To successfully redesign the device for the purpose of organelle isolation, the trajectory of the organelles needs to be elucidated. Organelles of interest include the mitochondria, nucleus, and cell membrane due to their involvement in metastatic cell development. To track the direction in which the intracellular contents travel following lysis, cells are co-labelled with an organelle-specific dye and the cytosolic fluorescent dye carboxyfluoresceine diacetate (CFDA).
The organelle stain confirms the presence of the subcellular content of interest and the release of the CFDA confirms lysis of the cell. Thus far, two model immortalised cell lines have been examined: non-adherent human T cells (Jurkat) and adherent phagocytic mouse microglial cells (SIM-A9). These cell lines were chosen to be representative of a variety of morphological characteristics, such as cell size, membrane elasticity, and membrane composition.
For experimentation, labelled cells are loaded into the device, and as they are lysed, the trajectories of the fluorescent species are determined using an inverted microscope with wide-field excitation and a camera for video capture or laser induced fluorescence detection and a photomultiplier tube when higher sensitivity is required. Multiple detection points around the lysis intersection are monitored on the device during analysis (shown in Figure 3). Intact cell labelling is confirmed below the junction, and lysate is measured at 2 mm and 3 mm distances to the right of the intersection.
Fluorescence peak heights and widths are compared for the 2 and 3 mm detection distances. Band-broadening indicates that the dissolved fluorescent species is present whereas narrow and jagged peaks would correspond to solid organellar material (Figure 4). The final detection point is above the lysis intersection to check if the organelle of interest travels towards the pumps. Analysis of the fluorescence peaks collected at strategic detection locations indicated that while the CFDA went into the separation channel, the cell membrane, mitochondria, and nucleus travelled towards the pumping manifold above the lysis intersection.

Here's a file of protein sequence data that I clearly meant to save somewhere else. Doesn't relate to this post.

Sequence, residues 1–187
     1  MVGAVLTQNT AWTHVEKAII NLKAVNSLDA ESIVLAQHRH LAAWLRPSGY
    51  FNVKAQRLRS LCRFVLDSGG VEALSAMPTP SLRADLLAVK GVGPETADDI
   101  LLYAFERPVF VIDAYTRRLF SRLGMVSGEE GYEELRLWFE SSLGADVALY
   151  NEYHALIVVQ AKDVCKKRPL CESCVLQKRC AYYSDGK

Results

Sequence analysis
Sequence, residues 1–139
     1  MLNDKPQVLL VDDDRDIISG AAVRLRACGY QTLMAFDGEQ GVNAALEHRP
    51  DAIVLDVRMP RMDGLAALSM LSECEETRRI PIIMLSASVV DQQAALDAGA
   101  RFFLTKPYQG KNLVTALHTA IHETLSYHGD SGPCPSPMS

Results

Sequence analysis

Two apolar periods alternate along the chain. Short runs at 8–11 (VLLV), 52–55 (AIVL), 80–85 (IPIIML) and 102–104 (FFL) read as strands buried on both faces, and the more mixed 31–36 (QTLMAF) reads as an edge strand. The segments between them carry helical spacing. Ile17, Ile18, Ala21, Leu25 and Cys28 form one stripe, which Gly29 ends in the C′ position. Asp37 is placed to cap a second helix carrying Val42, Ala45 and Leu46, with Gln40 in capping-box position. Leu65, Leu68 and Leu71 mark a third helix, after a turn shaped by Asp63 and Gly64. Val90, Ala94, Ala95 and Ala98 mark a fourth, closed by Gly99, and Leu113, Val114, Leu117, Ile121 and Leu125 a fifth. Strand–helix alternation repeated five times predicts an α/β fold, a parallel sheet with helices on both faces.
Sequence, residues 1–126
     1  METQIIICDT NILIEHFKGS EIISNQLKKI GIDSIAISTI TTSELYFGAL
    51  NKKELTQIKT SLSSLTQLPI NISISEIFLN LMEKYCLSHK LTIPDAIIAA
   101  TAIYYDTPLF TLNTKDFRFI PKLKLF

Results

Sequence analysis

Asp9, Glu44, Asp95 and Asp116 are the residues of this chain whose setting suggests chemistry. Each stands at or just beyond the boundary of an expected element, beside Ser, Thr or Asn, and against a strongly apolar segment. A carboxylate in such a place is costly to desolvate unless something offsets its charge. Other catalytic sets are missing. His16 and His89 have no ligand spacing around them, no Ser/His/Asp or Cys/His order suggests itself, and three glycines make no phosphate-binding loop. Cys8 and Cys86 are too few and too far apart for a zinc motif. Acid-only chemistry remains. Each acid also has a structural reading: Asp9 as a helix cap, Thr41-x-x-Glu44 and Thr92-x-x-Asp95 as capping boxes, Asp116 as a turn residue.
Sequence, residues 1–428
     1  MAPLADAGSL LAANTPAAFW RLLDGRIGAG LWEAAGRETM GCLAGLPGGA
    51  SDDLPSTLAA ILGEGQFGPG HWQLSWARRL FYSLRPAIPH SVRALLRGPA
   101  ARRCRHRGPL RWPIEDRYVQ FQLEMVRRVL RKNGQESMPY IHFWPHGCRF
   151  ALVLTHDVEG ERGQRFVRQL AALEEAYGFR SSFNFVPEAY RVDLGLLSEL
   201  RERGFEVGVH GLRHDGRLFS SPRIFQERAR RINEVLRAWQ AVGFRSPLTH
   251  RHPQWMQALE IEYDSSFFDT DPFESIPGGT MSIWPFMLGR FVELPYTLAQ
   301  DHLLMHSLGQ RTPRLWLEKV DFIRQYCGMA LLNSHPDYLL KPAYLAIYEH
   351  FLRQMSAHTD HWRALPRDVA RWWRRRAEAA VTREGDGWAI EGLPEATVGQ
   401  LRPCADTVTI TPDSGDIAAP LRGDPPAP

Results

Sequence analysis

Microfluidic single-organelle purification presents a promising alternative to traditional methods as it not only reduces stress and damage to collected organelles but may also allow for the selective isolation of subpopulations of interest for further analysis. In future studies we will adjust buffer composition to tune the electrophoretic and electroosmotic flow to selectively modify the trajectory of organelles. Changes in device design will also be explored by incorporating functional elements that allow for sorting and selection of organelles from subpopulations exhibiting unique characteristics.
1 Baba Al, Câtoi C. Comparative Oncology. Bucharest (RO): The Publishing House of the Romanian Academy; 2007. Chapter 3, Tumor Cell Morphology.
2 Satori, C. P., Kostal, V., & Arriaga, E. A. (2012). Review on recent advances in the analysis of isolated organelles. Analytica chimica acta, 753, 8–18. doi:10.1016/j.aca.2012.09.041